COHASSET, MASS. >> Every day, it seems, we hear about the problem of food allergies. For many, this sounds like the latest issue brought up by overly concerned helicopter parents. The reality, however, is quite the opposite. For 15 million Americans — including 270,000 Massachusetts residents, 100,000 of whom are our children — food allergies are incredibly dangerous and potentially life-threatening.
My wife and I have five wonderful children, three of whom happen to have severe food allergies. To live with food allergies is to be constantly on guard for potential exposure to your allergen, be it peanuts, dairy, wheat, soy, or even obscure allergens like chocolate, garlic, basil, or peppers.
The greatest fear is that exposure will lead to anaphylaxis, a deadly response in which an individual's airways constrict, potentially closing altogether within minutes. It's terrifying to watch.
Fortunately, there is a medication that can slow the effects of anaphylaxis called epinephrine, allowing time for medical treatment to arrive. Most individuals with food allergies know that they need to keep two epinephrine auto-injectors with them at all times, regardless of the situation, to save their own lives should an unexpected anaphylactic event occur.
Unfortunately, regardless of how diligent one is, mistakes happen and epinephrine can be misplaced, left behind, or hard to find during a crisis situation.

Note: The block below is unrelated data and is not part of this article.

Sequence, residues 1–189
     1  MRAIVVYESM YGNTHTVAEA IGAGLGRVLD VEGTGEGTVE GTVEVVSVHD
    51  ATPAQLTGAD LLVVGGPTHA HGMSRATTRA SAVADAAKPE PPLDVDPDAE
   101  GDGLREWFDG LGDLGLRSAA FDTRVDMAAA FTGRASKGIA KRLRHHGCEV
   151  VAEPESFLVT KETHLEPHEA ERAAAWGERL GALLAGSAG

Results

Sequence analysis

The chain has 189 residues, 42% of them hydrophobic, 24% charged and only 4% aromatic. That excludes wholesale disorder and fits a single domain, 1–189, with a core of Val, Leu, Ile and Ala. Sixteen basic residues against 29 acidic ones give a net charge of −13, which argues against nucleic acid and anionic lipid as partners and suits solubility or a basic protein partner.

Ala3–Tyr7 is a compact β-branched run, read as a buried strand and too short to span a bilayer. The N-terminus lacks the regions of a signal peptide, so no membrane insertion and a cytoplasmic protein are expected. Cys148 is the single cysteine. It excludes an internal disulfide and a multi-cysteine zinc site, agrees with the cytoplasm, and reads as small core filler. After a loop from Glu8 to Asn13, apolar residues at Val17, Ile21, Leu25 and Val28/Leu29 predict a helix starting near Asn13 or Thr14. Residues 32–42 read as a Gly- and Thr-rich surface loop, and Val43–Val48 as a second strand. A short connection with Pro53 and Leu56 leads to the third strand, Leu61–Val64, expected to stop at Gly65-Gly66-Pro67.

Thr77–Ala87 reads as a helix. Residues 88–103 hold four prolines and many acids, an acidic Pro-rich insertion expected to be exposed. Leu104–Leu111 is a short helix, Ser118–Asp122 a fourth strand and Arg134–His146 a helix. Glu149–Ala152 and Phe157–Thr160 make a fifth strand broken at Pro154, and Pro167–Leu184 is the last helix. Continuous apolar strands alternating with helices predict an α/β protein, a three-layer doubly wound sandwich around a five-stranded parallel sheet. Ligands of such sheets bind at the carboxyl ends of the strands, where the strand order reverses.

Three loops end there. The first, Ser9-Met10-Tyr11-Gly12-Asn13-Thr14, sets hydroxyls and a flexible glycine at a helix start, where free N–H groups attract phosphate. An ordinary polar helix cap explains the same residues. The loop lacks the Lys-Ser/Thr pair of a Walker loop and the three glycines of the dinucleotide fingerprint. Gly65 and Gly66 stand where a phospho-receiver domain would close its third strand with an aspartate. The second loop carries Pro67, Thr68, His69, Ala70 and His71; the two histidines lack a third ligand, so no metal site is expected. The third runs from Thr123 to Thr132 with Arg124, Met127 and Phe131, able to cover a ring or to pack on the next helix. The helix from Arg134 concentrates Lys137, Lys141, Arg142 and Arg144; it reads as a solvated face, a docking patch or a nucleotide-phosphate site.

That's why it's critical that a bill pending at the State House (SB 1220) be passed immediately. The bill, sponsored by Sen. Karen Spilka, would allow — but not require — public locations like sports arenas, malls, theme parks, restaurants, and other businesses to carry epinephrine in case of an emergency. And so long as individuals administering the epinephrine have been trained, the bill specifies that they will not be held liable for their actions, regardless of the outcome. This is a win-win situation — a potential lifeline for food-allergic individuals with no undue burden on our businesses.
It's true that the onus to carry epinephrine is squarely on the food-allergic individual and family, but there are other reasons we should all support this bill. It's estimated that 20-25 percent of reactions in schools happen to children previously undiagnosed. Many schools carry epinephrine as a precaution, but that same danger exists for children in public places.
In addition, while food allergies in children get most of the attention, there is also a surge in "adult onset" food allergies taking place. In these situations, individuals such as you or I suddenly develop an anaphylactic reaction to a food we've eaten our whole lives! In fact, one seafood restaurant owner told me about 10 cases that occurred in his restaurant alone last year — all to long-time regular customers.
The bottom line is that, while we don't know the cause of food allergies, anaphylaxis has become prevalent across the country (one ER visit every 6 minutes due to anaphylaxis) and the prudent action is to allow public locations to carry the relatively benign medication that can stop anaphylaxis before it becomes deadly.
States signing on
Twenty-nine states have passed laws similar to SB 1220, with our neighbor, New Hampshire, being one of the latest. Ten states this year alone have passed laws.
Massachusetts lawmakers have proven their commitment to those with food allergies in the past and should do so again with this bill that gives businesses an opportunity to provide a safety net to their customers without the burden of a mandate. SB 1220 has the potential to save lives and I look forward to that acknowledgement by our lawmakers.
Paul Antico is Founder and CEO of AllergyEats. He's also a board member of the Asthma & Allergy Foundation of America.